lifestyle, making women's participation in the workforce still more acceptable. [19]
But many of these women were relegated to low-paying clerical and administrative
work. What opened the door for women to pursue professional careers was access to
the Pill reliable oral contraception. Knowing that they could now complete years of
training or study and launch their career without being interrupted by pregnancy, a
wave of young women began applying to medical, law, and business schools in the early
1970s. At the same time, the Pill made the "sexual revolution" possible, helping to break
down the double standard that allowed premarital sex for men but prohibited it for

Feminist leaders were also inspired by the Civil Rights movement, through which many
of them had gained civic organizing experience. At the same time, black women played
a key role in the Civil Rights movement, especially through local organizations, but were
shut out of leadership roles.[20]Meanwhile, the women's anti-war movement was joined
by a new generation of more radical young women protesting not only the Vietnam war
but also "the way in which the traditional women's peace movement condoned and
even enforced the gender hierarchy in which men made war and women wept." [21] On
college campuses, women joined in the leftist student movement, but their efforts to
incorporate women's rights into the New Left were ignored or met with condescension
from the male student leaders; at one New Politics conference, the chairman told a
feminist activist, "Cool down, little girl. We have more important things to do here than
talk about women's problems."[22] As a result, women split off from the movements that
marginalized them in order to form their own movement.
At the same time, the FBI viewed the women's movement as "part of the enemy, a
challenge to American values," as well as potentially violent and linked to other
"extremist" movements.[23] It paid hundreds of female informants across the country to
infiltrate the women's movement.[24] While this infiltration intensified paranoia and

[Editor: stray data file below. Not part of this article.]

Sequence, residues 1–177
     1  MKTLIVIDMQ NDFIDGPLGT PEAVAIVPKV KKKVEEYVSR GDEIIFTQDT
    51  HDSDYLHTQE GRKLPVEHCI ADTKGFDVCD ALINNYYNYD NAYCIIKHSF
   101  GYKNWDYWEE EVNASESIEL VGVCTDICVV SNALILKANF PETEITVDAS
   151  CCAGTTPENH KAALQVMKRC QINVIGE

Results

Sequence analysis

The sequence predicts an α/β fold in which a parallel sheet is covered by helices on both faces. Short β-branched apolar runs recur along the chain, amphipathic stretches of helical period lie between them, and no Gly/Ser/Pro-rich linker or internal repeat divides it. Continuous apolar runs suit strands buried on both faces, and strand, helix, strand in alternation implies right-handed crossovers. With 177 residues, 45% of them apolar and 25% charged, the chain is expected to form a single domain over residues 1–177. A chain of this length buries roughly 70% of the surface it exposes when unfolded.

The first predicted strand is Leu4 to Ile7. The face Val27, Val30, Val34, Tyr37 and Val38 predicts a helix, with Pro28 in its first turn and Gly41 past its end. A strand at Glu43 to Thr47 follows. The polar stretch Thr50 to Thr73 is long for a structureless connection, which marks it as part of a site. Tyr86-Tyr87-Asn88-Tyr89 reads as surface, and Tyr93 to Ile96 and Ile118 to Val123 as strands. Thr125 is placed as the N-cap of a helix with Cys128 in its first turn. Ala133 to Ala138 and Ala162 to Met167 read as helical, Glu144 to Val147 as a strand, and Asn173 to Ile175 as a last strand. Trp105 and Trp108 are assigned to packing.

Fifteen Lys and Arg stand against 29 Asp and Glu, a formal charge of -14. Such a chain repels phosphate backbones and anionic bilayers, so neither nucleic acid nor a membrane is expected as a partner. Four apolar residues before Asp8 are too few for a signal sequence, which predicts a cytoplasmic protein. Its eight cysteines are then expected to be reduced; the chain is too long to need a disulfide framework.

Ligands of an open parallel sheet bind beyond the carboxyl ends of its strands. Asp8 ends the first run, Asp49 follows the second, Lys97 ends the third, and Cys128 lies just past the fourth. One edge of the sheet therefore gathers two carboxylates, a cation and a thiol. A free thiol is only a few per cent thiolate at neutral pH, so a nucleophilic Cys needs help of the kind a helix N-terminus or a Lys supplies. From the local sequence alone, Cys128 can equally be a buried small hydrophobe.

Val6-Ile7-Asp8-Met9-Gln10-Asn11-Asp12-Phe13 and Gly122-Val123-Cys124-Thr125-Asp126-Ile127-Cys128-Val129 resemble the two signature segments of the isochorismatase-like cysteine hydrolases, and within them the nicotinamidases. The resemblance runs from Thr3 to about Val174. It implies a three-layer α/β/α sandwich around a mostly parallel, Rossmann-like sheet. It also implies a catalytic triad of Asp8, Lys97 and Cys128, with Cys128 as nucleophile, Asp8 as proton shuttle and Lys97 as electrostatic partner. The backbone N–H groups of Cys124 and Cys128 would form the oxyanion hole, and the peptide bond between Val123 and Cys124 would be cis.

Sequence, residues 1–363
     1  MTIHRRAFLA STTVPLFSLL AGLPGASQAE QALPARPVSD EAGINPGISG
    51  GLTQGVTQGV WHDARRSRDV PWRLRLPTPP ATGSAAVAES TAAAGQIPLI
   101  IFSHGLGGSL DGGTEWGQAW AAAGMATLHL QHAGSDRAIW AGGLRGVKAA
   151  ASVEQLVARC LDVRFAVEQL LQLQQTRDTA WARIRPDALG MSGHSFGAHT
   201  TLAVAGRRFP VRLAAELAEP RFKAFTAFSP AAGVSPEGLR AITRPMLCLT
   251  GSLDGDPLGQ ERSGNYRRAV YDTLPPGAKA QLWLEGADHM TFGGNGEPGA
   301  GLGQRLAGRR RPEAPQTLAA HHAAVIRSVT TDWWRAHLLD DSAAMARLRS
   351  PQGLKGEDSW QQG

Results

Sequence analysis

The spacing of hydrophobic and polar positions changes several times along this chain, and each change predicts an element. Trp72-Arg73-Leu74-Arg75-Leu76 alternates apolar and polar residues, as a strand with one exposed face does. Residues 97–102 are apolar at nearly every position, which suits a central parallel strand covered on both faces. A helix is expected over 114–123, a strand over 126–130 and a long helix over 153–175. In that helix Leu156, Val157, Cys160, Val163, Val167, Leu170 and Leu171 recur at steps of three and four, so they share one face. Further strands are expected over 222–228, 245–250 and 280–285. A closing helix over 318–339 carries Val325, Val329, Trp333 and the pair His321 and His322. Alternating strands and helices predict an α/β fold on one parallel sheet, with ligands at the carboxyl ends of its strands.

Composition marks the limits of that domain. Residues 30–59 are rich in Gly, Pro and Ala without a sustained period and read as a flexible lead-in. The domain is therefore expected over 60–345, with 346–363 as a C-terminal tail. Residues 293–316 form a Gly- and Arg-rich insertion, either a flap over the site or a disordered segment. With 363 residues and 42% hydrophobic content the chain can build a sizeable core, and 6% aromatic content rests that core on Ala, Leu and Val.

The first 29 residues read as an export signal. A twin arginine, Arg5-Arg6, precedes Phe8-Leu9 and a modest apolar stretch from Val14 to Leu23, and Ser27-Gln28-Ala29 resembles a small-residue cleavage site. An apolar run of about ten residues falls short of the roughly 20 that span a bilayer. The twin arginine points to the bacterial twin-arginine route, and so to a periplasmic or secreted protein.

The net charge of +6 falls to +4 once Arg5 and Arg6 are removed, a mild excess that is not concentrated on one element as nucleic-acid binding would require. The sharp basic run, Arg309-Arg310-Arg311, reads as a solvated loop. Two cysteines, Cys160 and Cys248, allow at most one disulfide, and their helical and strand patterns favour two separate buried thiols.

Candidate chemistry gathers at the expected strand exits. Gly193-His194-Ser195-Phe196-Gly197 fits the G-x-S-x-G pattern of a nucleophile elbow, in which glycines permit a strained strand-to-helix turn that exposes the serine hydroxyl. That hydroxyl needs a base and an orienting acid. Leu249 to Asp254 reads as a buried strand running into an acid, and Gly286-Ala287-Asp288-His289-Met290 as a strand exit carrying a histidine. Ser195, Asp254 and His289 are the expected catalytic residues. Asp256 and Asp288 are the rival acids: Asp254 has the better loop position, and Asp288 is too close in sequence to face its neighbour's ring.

eroded trust among activists, it did not change the course of the movement as it
continued to fight for equal rights.[25]
Message and Audience
The women's movement used
different means to strive for
equality: lobbying Congress to change
laws; publicizing issues like rape and
domestic violence through the media;
and reaching out to ordinary women
to both expand the movement and raise
their awareness of how feminism could
help them.

Early in the women's liberation movement, which was deeply rooted in the New Left,
activists took an aggressive approach to their protests. Protests against sexism in the
media ranged from putting stickers saying "Sexist" on offensive advertisements to
holding sit-ins at local media outlets, all the way to sabotage of newspaper offices.
[26] This approach sometimes crossed the line into offensiveness, as at the 1968
demonstration outside the Miss America pageant in Atlantic City, where activists
protested objectification of women by waving derogatory signs like "Up Against the Wall,
Miss America." While the event attracted widespread media coverage (and launched the
myth that feminists burned bras), the approach was alienating. As a result, many
activists resolved to "stop using the 'in-talk' of the New Left/Hippie movement" and
strive to reach ordinary women across the country.[27]
"Consciousness-raising groups" became an effective way to do so; in small groups in
local communities, women explored topics such as family life, education, sex, and work
from their personal perspectives. As they shared their stories, they began to understand
themselves in relation to the patriarchal society they lived in, and they discovered their
commonalities and built solidarity; as one said, "[I began to] see myself as part of a
larger population of women. My circumstances are not unique, but...can be traced to the
social structure."[28]
Meanwhile, in their campaigns for the legalization of abortion, activists testified before
state legislatures and held public "speak-outs" where women admitted to illegal
abortions and explained their reasons for abortion; these events "brought abortion out
of the closet where it had been hidden in secrecy and shame. It informed the public that
most women were having abortions anyway. People spoke from their hearts. It was
heart-rending."[29] The "speak-out" was also used to publicize the largely
unacknowledged phenomenon of rape, as activists also set up rape crisis centers and
advocacy groups, and lobbied police departments and hospitals to treat rape victims
with more sensitivity. [30] To publicize date rape, the annual "Take Back the Night"
march on college campuses was launched in 1982.[31]